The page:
News / Asia

China Marks World AIDS Day

Passerby pick up condoms during an AIDS awareness event held by local community on the World AIDS Dayin Shanghai, China. December 1, 2011.
Passerby pick up condoms during an AIDS awareness event held by local community on the World AIDS Dayin Shanghai, China. December 1, 2011.

Chinese authorities are openly marking World AIDS Day this year, but the government remains sensitive to independent groups that try to combat the spread of the disease.

China more open about AIDS epidemic

Compared with a decade ago when China was highly secretive about its AIDS epidemic, World Aids Day has become a major highlight of the Communist Party's health awareness drive.

State media have been covering the day with lengthy editorials and statistics which accompany reports about the government's plans to fight the spread of AIDS in its flagship five-year plan.

The Ministry of Health and UNAIDS estimate about 780,000 people will be living with HIV/AIDS in China by the end of this year. That means about 40,000 people became infected in the past year.

Most new infections results from sex


The statistics indicate nearly 82 percent of infections resulted from sex.

Guy Taylor is a Program Associate with the UNAIDS office in China. He says around a third of those new infections are from homosexual transmissions. "There are some worrying trends in the epidemic, particularly the rapid growth of the high levels of prevalence amounts of men who have sex with men. Nationwide it is around five percent, which is 90 times higher than the prevalence among the general population,” he noted.

He says that while that overall trend is worrying, there are isolated places where the infection rates are even higher. "In some cities it is one in five," Taylor said. "Or more than one in five."

AIDS, breaking down the social sigma

Taylor says other countries are suffering a similar rise among gay men. But discrimination and ignorance about the disease means many of those infected men fail to have tests.

He says one of the best ways to break down the social stigma of the disease in China and encourage more people to undergo tests and treatment is at independent clinics and advice centers.

"We think it important in China to strengthen participation of community based organizations, as they can represent these communities and understand their needs more. These affected populations are less reluctant to come into contact with them because they trust them and they maybe understand them better," Taylor stated.

Despite its efforts to combat the disease, Beijing is still highly sensitive about AIDS as well as the influence of independent groups that cater to the afflicted.

Speaking out too loudly about the government's controversial AIDS policy in China can result in intimidation, arrest and disappearance.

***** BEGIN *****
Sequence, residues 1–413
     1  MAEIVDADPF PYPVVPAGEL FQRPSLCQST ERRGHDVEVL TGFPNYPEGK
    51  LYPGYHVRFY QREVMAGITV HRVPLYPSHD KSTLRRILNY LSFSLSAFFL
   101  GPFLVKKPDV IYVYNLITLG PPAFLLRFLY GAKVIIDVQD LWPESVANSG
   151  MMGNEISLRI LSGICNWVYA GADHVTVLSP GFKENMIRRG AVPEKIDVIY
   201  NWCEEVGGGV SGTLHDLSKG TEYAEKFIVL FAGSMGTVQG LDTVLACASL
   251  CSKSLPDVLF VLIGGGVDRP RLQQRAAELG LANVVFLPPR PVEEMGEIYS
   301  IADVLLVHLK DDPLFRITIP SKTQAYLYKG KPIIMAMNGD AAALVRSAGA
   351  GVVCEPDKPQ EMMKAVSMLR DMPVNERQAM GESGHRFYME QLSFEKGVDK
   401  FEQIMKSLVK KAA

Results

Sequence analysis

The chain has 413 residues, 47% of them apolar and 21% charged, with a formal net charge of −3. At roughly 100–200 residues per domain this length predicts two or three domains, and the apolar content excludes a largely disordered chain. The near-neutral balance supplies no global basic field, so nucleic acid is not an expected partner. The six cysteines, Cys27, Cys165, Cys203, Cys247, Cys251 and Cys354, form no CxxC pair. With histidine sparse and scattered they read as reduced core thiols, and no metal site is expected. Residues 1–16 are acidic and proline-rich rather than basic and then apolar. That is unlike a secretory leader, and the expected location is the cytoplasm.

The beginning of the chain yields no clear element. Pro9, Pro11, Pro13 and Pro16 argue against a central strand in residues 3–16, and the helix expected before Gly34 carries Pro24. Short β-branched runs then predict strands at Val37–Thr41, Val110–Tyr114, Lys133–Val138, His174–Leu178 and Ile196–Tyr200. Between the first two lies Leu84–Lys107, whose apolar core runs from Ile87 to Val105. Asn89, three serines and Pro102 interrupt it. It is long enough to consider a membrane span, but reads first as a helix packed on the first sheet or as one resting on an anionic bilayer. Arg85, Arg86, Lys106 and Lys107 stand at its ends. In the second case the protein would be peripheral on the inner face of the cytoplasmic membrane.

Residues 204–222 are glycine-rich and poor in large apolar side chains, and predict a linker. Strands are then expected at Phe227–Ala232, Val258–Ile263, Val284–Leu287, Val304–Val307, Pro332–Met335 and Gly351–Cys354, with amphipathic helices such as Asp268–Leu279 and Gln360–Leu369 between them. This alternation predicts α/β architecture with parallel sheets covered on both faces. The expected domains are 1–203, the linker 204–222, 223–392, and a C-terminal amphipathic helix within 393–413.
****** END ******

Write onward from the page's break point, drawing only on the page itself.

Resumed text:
Non-government organizations are routinely banned or restricted and activists locked up, including Hu Jia, who was jailed for three and half years for speaking out.

Activists Wan Yanhai and elderly campaigner Gao Yaojie both suffered intimidation from the Chinese government and now live in exile in the United States

Hu, who was released from jail in June, was last week prevented from handing over a compensation claim to the health ministry on behalf of an AIDS patient who became inflected via a blood transfusion.

Poor screening measures at hospitals and clinics means thousands of Chinese contract AIDS when they give or receive blood.

You May Like

As US Strikes Syria, China Sees Parallels at Home

Beijing is debating how much support to give international coalition against IS militants and trying to figure out how many Chinese nationals may have joined group overseas More

CDC: Ebola Could Infect 1.4 Million by January

update US health officials say if efforts to curb the outbreak are not increased, cases will soar dramatically by early next year More

Video USAID Provides $231 Million for Girls Education in 5 Countries

US Agency for International Development partners with celebrities to call attention to importance of education for girls worldwide More

This forum has been closed.
Comments
     
There are no comments in this forum. Be first and add one

Featured Videos

Your JavaScript is turned off or you have an old version of Adobe's Flash Player. Get the latest Flash player.
NASA’s MAVEN Probe Enters Mars Orbiti
X
September 22, 2014 9:20 PM
NASA’s newest Mars probe, called MAVEN, has successfully entered its designated orbit around the Red Planet. Scientists will use its sophisticated instruments to try to learn what happened to the atmosphere Mars had a few billion years ago. VOA’s George Putic has more.
Video

Video NASA’s MAVEN Probe Enters Mars Orbit

NASA’s newest Mars probe, called MAVEN, has successfully entered its designated orbit around the Red Planet. Scientists will use its sophisticated instruments to try to learn what happened to the atmosphere Mars had a few billion years ago. VOA’s George Putic has more.